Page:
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Supreme Court dismisses Proposition 8; community leaders want more

After throwing out section four of the Voting Rights Act yesterday, the U.S. Supreme Court ruled that petitioners did not have legal standing to appeal proposition 8, a proposal banning same-sex marriage.

It is the second time this week that the court has gone to a 5-4 split vote as the battle for marriage equality continues.

“Today’s historic decisions are a significant leap forward for freedom and justice for same-sex couples and their families, the LGBT community and for our nation — and a lot more work needs to be done to deliver marriage equality to the rest of our nation’s same-sex couples and their families and full equality in every other respect for all LGBT people,” said Rea Carey, Task Force Executive Director.

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When the California Supreme Court ruled the Defense of Marriage Act (DOMA) unconstitutional in 2008, state voters came up with another, yet similar plan: proposition 8, limiting marriage to a man and woman.

In a lower district court, the federal government found it to be unconstitutional, forcing state petitioners to appeal to the U.S. Supreme Court who ruled proposition 8 unconstitutional because the petitioners were not of “legal standing.”

To have legal standing, petitioners had to be able to show the court “sufficient connection to and harm” from the current laws that allow same-sex marriage in California, according to USlegal.com. According to the U.S. supreme court, petitioners were not legally allowed to challenge California’s same-sex marriage laws.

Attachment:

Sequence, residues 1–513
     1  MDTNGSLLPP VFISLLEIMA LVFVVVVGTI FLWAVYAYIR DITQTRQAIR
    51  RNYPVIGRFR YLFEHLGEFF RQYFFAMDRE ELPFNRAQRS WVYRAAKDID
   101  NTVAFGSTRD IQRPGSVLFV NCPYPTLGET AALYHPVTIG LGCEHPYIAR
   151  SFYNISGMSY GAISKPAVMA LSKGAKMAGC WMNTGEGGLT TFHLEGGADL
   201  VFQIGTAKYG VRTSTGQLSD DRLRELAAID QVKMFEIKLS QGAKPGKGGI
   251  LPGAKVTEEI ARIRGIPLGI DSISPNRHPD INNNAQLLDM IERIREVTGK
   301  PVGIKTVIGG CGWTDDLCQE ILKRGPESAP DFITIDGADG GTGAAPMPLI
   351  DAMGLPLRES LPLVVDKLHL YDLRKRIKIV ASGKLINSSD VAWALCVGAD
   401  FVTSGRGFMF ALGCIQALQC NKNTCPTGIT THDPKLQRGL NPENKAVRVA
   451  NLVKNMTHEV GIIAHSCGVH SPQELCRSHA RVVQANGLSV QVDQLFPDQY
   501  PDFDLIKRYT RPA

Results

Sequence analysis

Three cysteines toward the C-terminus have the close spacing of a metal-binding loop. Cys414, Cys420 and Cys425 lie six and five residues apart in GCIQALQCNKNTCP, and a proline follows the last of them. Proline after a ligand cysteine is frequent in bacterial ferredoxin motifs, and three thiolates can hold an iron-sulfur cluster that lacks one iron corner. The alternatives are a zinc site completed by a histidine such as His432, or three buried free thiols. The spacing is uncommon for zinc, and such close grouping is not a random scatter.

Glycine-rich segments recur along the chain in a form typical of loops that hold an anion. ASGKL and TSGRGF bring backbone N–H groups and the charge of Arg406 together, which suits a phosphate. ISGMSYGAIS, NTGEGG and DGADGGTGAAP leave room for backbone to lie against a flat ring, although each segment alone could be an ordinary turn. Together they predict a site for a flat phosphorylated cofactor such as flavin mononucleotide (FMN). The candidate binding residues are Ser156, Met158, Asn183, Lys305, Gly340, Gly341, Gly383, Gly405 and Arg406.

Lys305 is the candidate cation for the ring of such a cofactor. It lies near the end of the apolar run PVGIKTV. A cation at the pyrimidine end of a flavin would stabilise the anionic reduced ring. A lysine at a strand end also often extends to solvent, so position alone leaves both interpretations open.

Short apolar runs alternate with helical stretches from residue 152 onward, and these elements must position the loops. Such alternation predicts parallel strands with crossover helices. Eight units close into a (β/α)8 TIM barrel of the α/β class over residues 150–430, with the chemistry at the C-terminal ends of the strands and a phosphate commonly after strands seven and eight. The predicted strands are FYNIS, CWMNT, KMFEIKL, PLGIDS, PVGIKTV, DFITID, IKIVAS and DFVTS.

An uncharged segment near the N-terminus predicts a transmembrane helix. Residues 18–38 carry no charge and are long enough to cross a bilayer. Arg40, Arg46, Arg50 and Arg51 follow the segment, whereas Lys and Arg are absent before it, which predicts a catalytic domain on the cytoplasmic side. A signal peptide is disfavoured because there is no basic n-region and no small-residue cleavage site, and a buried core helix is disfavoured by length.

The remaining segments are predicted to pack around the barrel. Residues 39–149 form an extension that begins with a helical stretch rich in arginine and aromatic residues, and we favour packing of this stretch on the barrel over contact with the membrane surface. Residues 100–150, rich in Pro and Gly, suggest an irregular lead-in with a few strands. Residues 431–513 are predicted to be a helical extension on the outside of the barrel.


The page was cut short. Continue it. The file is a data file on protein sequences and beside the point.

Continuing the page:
Carey noted that while same-sex couples would now be able to get married in California, there are still 37 states that do not allow same-sex marriage, including Georgia.

“Now is not the time to be complacent on other LGBT-related issues. While we welcome marriage equality again in California, we know there are couples in 37 states who still lack the ability to get married in their own state and we still live in a world where a married LGBT person can go to work and get fired for who they are or who they love — and there are other issues that impact the lives of LGBT people that the ability to marry doesn’t resolve.”

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She added that the new legislation still lacks any protection for LGBT students and minorities against violence and discrimination in all levels of society.

“Implementation is key,” she said.

The historic ruling comes after another split decision that threw out section four of the Voting Rights Act.

According to the new legislation, states are no longer required to be “pre-cleared” by the federal government before changing their voting laws, leading some to worry that states with a predominant majority of people will make it harder for the lesser minorities to vote.

Wade Henderson, President and CEO of The Leadership Conference on Civil and Human Rights said:

“[The] decision is a setback to our democracy and the voting rights of real Americans. We can’t allow discrimination at the ballot box and must prevent minorities from having their votes purged, packed, gerrymandered, and redistricted away.”

According to the National Lesbian and Gay Task Force, the ruling “will significantly reduce the federal government’s role in overseeing voting laws in areas with a history of discrimination on the basis of race, color or membership in a language minority group.”

Passed by Congress in 1965, section four had been subsequently renewed four times in the decades since.

“No one should be fooled by the Pollyannaish fantasy that voting discrimination no longer exists,” Henderson said. “As the Court acknowledged, voting discrimination still exists and Congress may draft another coverage formula. We urge Congress to act with urgency and on a bipartisan basis to protect voting rights for minorities.”